Orchidaceae Newsletter

"Your best online source of orchids plus more" May 5, 2007

Hi Friends:

I hope that this newsletter finds that you are enjoying spring and seeing some wonderful blooms on your spring orchids.

We are getting ready for a great vacation. It has been planned for years. We will be touring Italy and can't wait. Friends have been giving us all kinds of interesting tid bits on what to do and where to go. We'll tell you more next month.

In the meantime you will notice we have had a change in the store. One of our growers has not been reliable and several customers have not received their orchids on time. I have stopped using this particular grower because of this. I need to have reliability.

More to come on this next month.

Don't forget our e-book, Mastering Orchids for those who want to learn more about orchids and have the best looking orchids around.

Keep Up To Date with our Blog - Orchid Plants Blog: http://orchidplantsblog.wordpress.com/

I will generally post a 2 - 3 times a weeks.

>>>>>>>>>>>>>IMPORTANT ANNOUNCEMENT>>>>>>>>>>

Remember, our Free FedEx shipment continues at no additional cost will be incurred by our customers.


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1: Orchid Specials this month
2: Black Orchids
3: Special Orchid Pics

Specials of the Month

Sidirea Japonica

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This is a great orchid, simple, fragrant and easy to grow and only $49.95 with free 2 day FedEx

Tip of the Month

The Elusive Black Orchid


Do they really exist? Where is the black orchid? These questions and others have on orchid hobbyists minds for centuries. Orchid growers and hobbyists have been trying to grow this orchid for a very long time. They have tried many different orchid plants and hybrid varieties to get to this orchid. There seems to have been a fascination for black anything. You have people striving for black gladiolus, black canna- lillies and yes even black corn. (I'm not sure if they ever got the black corn.) There are many other references to "black orchid" in detective mysteries, in names of clubs and restaurants as well as on the stage. In fact, go on to Amazon and look at the book "Black Orchid" by Dave McKean. As far as I can judge from the reviews growers were close but still didn't accomplish what their goal was. Some of the orchids that do come close include the Laelicattleya Lc Mem. Robert Strait "Blue Hawaii" which has a black lip. The Vanda David Gardner #1 has purplish areas under black speckles. There is a black tongued orchid, the Epigeneium amplum. Another example is the Liparis nervosa, a Japanese version of this orchid plant but when you look at it you can seen it is not really black. There are still a lot of misconceptions about orchids. Some of the myths that still persist include that orchids are difficult to grow. This can't be further from the truth. In fact today orchids like the phalaenopsis or cattleyas are very easy to grow. Another misconception is that all orchids need to grow in a greenhouse. Once again, some of the best places for orchid plants is in the home where there is bright light. Some of the orchids do well near a West facing window. It seems that all the hard work by hybridization specialists still have been alluded them and the orchid has not really been developed. It remains a hope for any grower or hobbyist to get the crown that says, "I did it".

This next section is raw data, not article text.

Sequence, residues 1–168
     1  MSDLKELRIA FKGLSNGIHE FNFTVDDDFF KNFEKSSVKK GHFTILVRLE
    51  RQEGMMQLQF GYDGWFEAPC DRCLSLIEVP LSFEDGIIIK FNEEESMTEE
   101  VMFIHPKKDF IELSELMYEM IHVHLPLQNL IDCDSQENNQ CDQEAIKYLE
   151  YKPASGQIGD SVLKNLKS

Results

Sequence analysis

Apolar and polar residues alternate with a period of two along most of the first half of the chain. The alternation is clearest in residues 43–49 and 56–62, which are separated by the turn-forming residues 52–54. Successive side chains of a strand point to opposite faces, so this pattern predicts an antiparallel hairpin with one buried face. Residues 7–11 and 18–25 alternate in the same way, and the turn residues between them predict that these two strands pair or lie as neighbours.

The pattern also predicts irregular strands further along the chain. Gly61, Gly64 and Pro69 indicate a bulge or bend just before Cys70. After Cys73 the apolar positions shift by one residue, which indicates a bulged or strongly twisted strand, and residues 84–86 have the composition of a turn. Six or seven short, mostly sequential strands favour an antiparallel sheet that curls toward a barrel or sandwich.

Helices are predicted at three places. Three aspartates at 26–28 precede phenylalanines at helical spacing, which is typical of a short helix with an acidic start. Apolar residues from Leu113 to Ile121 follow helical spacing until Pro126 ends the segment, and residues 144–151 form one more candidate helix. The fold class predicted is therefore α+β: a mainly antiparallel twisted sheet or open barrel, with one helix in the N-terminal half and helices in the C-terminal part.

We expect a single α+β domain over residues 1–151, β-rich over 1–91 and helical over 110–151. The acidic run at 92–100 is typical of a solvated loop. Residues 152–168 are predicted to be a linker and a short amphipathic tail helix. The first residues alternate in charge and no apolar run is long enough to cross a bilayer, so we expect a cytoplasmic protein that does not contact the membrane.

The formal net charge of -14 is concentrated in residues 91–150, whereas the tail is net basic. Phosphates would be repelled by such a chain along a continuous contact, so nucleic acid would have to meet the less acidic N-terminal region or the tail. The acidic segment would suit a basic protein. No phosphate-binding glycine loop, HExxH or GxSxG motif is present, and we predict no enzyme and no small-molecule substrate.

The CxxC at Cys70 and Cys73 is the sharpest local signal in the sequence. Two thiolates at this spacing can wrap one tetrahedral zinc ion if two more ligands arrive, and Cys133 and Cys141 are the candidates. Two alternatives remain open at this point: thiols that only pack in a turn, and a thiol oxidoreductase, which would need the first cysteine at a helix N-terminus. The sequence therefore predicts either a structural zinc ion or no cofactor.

Picture of the Month

Pictures of the Miami Orchid Show

Or copy and paste this into your browser
http://www.orchids-plus-more.com/picture_of_the_month.html What a great way to wake up to spring.

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